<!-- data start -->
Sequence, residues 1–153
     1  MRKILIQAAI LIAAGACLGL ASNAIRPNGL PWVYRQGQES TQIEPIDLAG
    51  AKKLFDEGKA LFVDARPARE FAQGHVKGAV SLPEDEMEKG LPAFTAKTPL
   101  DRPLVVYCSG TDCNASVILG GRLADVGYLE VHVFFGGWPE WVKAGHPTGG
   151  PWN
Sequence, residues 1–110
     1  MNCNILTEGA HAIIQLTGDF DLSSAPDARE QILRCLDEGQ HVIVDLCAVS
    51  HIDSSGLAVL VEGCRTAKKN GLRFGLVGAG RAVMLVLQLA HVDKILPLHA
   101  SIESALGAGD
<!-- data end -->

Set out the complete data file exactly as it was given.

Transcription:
Sequence, residues 1–153
     1  MRKILIQAAI LIAAGACLGL ASNAIRPNGL PWVYRQGQES TQIEPIDLAG
    51  AKKLFDEGKA LFVDARPARE FAQGHVKGAV SLPEDEMEKG LPAFTAKTPL
   101  DRPLVVYCSG TDCNASVILG GRLADVGYLE VHVFFGGWPE WVKAGHPTGG
   151  PWN
Sequence, residues 1–110
     1  MNCNILTEGA HAIIQLTGDF DLSSAPDARE QILRCLDEGQ HVIVDLCAVS
    51  HIDSSGLAVL VEGCRTAKKN GLRFGLVGAG RAVMLVLQLA HVDKILPLHA
   101  SIESALGAGD